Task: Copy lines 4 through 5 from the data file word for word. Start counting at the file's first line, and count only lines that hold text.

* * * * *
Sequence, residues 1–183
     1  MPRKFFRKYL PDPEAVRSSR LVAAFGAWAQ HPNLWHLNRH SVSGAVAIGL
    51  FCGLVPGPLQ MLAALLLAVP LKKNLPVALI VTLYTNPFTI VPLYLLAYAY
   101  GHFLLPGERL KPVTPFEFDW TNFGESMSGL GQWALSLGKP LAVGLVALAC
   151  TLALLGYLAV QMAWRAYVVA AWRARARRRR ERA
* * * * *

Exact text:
   101  GHFLLPGERL KPVTPFEFDW TNFGESMSGL GQWALSLGKP LAVGLVALAC
   151  TLALLGYLAV QMAWRAYVVA AWRARARRRR ERA